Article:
You know nothing about me, There is no one exact profile for social work and I don’t believe those that say you’ve got to be like me/think like me or walk a mile in their shoes to do the job well, the field is political that way!   Where you think “feminism” fits in is beyond me too…  

This board is not a fair glimpse of real lives, OTOH it can be platform for a lot of krap people don’t talk about IRL.  Were you not around when I started a debate about fake Uggs?  I took a real life situation and took it to debate which stirred up an inferno about other “fake” things…  It was debatable!  And it was brought up again in this thread when a friendly bordie was being cute and tossed it my way, my reply was in kind.   Further, 80K isn’t some arbitrary number I pulled from the sky.  The link made comparisons b/w asthma at poverty levels and that income bracket which frankly, makes the study in itself…  Debatable!   (All studies are debatable.).   If you want to debate please do continue, Here, I will..  I don’t agree that you eliminate poverty, that’s rhetoric not even politicians have answers for and number 2.  There will always be somebody that makes more than you or less than you, high, middle and low classifications will always exist but just b/c your income falls at a federal low doesn’t mean conditions/standards should be substandard IMO and that’s where both the link and I were going, some purposely had trouble grasping that!   You tell me, what inspections would you change and how.  You tried to test me there and funny enough, you never answered it yourself (or was that ducky?).  What I get to see isn’t perfect but there are some great social programs at our schools and I see it b/c I work in them and b/c my kids are there but I know my own experiences are limited too.  If we have the power to control or fix what is making sick kids sick then why shouldn’t we?   Or do we just wait for routine inspections, cps or sweep it under the rug b/c you’re poor……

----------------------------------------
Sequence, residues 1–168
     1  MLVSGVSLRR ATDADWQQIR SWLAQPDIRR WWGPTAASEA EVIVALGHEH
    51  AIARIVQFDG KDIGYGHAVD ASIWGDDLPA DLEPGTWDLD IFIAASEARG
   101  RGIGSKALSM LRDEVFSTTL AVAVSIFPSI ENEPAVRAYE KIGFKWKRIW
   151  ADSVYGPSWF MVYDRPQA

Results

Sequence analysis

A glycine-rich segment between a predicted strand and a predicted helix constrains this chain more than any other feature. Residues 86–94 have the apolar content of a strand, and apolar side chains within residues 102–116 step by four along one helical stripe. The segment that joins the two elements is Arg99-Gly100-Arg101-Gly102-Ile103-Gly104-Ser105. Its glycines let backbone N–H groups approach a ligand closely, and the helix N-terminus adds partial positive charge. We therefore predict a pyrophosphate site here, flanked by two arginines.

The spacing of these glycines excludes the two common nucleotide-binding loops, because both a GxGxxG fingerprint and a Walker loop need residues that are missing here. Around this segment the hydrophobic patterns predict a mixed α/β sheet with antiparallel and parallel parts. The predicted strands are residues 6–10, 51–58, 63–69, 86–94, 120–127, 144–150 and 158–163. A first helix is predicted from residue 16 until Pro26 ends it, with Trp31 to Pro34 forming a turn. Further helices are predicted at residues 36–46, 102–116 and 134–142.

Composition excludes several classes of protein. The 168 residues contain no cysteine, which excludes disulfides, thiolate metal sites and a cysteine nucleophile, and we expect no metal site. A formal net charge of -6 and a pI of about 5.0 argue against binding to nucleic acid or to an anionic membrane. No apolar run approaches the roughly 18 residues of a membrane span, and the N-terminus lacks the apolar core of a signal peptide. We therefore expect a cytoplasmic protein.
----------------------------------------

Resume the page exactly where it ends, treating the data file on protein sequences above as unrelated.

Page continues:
Wow, The ramble of the day, Lol!  Have a great day.   

 


 


Avatar for rollmops2009
iVillage Member
Registered: 02-24-2009
Sun, 03-17-2013 - 1:37pm